Its echo has reached common language, the most popular television programs and, with some interference, even the speeches of the current head of the Spanish opposition. And, given its capital importance, despite being a novel, from now on the 1984 George Orwell has a biography. Its titled The Ministry of Truth (Captain Swing) and in it the British Dorian Lynskey traces his origins, from Orwell’s experiences in the Stalinist terror in the Spanish civil war, to the numerous borrowings that the writer takes from the turn of the century utopian novel.
Not only that: Lynskey shows the endless resonance of 1984 after appearing in 1949, both in politicians of all stripes, including Trump and Putin – who in 2012 dreamed of a substitute for the USSR that went from Vladivostok to Lisbon called Eurasia, as one of the blocks into which the world is divided in the novel – to David Bowie, who wanted to do a rock musical with her. Or to the first announcement of the Apple Macintosh on December 31, 1983.
His stay in Barcelona during the civil war fueled the feeling of fear, paranoia and mistrust in the novel
Professor Miquel Berga, author of the book When history burns your hands (Tusquets), on the impact that the Spanish Civil War had on Orwell and Auden, stresses that the publication of a biography no longer of Orwell but of 1984 “confirms that it has been the most influential political novel since its publication until today.” And he points out that it is not a futuristic novel “but a political satire that uses mechanisms from futuristic novels to talk about the present. It’s not Nostradamus. But the future has turned his efforts to dissect the mechanisms of totalitarian systems and totalitarian temptations wherever they come from into posthumous victories. At international conferences he spoke with Russians who took it for granted that Orwell was the pseudonym of a Russian: how else could someone describe his system like this… He was not in Russia, a few days on the streets of Barcelona during the civil war were enough for him to do an intensive course”.
Lynskey agrees. Although he shows in his book how Orwell was influenced by previous utopian novels – from HG Wells and his When the sleeper wakes up to the Us of Evgeni Zamyatin, who lived under Stalin and of whom “he took constant surveillance and a protagonist who works for the State and rebels after meeting an attractive revolutionary” -, the British journalist opens The Ministry of Truth recalling that the turning point for Orwell is his arrival in Spain during the civil war as an idealist who sees “the future of Europe in struggle between the left and the extreme right”.
And remember that “he says that he is going to fight for the Republic and kill fascists, but he will not have much of a fight because he is in the POUM, which does not have equipment and weapons like the communists. And above all he lives in Barcelona a civil war within the civil war where the communists supported by the USSR try to crush small groups of the left, Trotskyists, anarchists, including the POUM. There are brutal purges, some friends and comrades are arrested, killed. For him it is a shocking betrayal. He is a democratic socialist and sees how lies are invented and Trotskyists are accused of being fascist collaborators. Lies as justification for murder.” “His ideas of his about totalitarianism, propaganda, cognitive bias, and the ability to stand up for dire things if done by your side, he sees there. His stay in Barcelona is his only experience of the Police State, and the feeling of fear, paranoia and distrust will be part of the atmosphere. 1984 ”, he warns.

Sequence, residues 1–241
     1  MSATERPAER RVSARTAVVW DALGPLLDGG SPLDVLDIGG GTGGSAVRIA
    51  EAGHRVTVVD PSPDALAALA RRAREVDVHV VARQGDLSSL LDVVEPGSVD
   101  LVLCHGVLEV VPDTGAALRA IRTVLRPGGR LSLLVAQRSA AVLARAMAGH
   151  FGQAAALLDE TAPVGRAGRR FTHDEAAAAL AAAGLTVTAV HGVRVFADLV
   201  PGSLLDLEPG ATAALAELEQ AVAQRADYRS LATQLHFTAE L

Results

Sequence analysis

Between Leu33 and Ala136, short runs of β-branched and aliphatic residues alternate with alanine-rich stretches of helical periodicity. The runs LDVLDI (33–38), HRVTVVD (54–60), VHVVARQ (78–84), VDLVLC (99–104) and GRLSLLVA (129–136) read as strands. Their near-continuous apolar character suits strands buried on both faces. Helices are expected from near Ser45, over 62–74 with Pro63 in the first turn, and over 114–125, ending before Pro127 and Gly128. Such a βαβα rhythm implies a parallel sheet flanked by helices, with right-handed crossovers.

Lynskey then goes into great detail where many of the ideas in the novel come from. The expression “big brother” is taken from HG Wells and the three superstates into which he divides the world -Eurasia, Oceania and East Asia, in a stable perpetual war that no one can win-, appear in The managerial revolution , a work on the future of capitalism by James Burnharm, a Trotskyist who would become a neoconservative. The important thing, he says, is not that some take concepts from others, but that each one captures in the book a different vision of humanity.
Orwell’s is seen, he notes, in “his beautiful descriptions of nature, thrift stores, simple human pleasures. For him the most important thing proles of 1984 It is not that they are a potential revolutionary army but that they have continued to be human, he is concerned about how politics makes humans less human, tribal, fanatic”.
And it assumes that in each era it has its reading. “Today it is the obsession with propaganda, the danger of the industrialized militant lie, be it Trump or the trolls russians. In the US and Europe there are politicians and followers claiming that nothing is true and that power decides what is real. Orwell noted: ‘Don’t let it happen, it’s up to you.’ You have to look at the early signs, if the totalitarian state arrives, there is nothing to do.